The Dude interview, Jeff Dowd interview

Interview with The Dude, Jeff Dowd

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To cult movie fans, Jeff Dowd’s greatest accomplishment will likely forever be the fact that he’s credited as being the inspiration for the character of The Dude in “The Big Lebowski.” (For the record, it only requires a few moments worth of conversation with him to determine that Jeff Bridges really nailed the impression of Dowd’s voice.) There’s a lot more to Dowd than The Dude, however. His movie career spans decades, and he’s had his hand in many classic films, from “Gandhi” to “War Games.” Dowd spoke with Bullz-Eye about some of those flicks, his upcoming book, and the special edition of “Lebowski” that’s just hit stores. He also makes twice as many references to Huey Lewis than your average interview subject, and, as you’ll read, performs an act of coolness that confirms that he truly is...The Dude.

Jeff Dowd: Hey, Will, how are ya...?

Bullz-Eye: Pretty good, Jeff; how are you?

JD: Where are you?

BE: I am in Chesapeake, Virginia.

JD: Fantastic!

BE: And where are you today?

JD: I’m out in California.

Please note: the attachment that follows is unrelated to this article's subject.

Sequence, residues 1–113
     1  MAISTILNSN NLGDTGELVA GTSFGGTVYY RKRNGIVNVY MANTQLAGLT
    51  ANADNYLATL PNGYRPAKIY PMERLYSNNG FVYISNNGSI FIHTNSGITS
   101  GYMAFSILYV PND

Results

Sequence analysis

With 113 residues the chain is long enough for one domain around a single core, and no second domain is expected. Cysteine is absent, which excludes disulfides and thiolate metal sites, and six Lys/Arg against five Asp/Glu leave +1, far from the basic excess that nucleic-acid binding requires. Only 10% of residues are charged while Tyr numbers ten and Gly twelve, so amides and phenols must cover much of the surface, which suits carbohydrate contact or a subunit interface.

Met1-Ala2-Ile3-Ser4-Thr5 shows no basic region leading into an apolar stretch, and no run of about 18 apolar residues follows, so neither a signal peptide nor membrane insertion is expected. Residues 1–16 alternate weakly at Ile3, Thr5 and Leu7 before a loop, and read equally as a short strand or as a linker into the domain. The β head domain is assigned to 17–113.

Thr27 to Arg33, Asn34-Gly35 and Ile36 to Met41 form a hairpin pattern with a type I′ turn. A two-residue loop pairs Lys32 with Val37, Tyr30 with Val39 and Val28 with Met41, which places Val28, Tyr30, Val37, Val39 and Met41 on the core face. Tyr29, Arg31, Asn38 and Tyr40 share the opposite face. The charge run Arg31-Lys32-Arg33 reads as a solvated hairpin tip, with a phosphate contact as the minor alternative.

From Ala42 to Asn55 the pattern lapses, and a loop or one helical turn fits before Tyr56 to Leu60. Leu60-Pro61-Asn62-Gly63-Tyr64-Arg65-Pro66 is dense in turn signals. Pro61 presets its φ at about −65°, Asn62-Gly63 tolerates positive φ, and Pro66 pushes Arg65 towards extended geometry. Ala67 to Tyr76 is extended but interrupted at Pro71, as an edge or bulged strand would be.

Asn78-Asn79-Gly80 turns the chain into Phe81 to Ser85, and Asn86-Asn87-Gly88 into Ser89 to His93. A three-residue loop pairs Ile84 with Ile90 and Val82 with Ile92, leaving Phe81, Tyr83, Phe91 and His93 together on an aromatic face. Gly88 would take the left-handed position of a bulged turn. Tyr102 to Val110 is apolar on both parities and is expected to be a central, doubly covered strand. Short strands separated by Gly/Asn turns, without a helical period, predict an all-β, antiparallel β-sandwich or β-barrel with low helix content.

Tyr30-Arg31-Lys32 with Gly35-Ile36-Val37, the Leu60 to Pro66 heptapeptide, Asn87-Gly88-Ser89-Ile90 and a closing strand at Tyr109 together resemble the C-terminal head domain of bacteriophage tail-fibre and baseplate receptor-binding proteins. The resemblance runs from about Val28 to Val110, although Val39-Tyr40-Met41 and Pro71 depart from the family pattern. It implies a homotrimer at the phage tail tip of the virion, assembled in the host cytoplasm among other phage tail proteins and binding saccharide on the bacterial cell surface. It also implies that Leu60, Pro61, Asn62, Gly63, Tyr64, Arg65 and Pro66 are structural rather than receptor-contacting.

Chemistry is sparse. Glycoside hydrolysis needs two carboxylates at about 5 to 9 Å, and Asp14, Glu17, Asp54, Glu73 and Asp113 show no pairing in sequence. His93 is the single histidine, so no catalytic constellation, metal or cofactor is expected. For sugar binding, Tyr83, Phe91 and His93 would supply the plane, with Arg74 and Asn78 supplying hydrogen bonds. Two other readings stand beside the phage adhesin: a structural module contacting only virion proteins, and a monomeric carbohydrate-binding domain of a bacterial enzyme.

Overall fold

BE: Good enough.

JD: Chesapeake, Virginia. Where’s that, exactly...?

BE: That is right next door to Norfolk and Virginia Beach.

JD: Fantastic.

BE: Pretty close to the water, anyway.

JD: So you’re an East Coast beach guy.

BE: The palest one you’ve ever seen.

JD: (Laughs) So what can I do for you?

BE: Well, I understand that, unlike “Fargo,” which was purportedly based on a true story, I guess you were more or less the inspiration for “The Big Lebowski.”

JD: Well, the character, anyway. I mean, I knew Joel and Ethan (Coen) quite well; I got to know them during “Blood Simple,” and I think they wanted to do some kind of buddy movie, and they thought the character of what they thought I might’ve been like back in the ‘70s would be a good departure put ‘em in there with Walter (played by John Goodman), a guy who would get him in a lot of trouble all the time, as often happens, whether it’s “Butch Cassidy and the Sundance Kid” or “Lethal Weapon” or “Some Like It Hot” or, y’know, any buddy movie where, like, one guy’s getting another guy in trouble.

BE: How did you come across the Coens? I know you met them in ’81, but how did that actually come to pass...?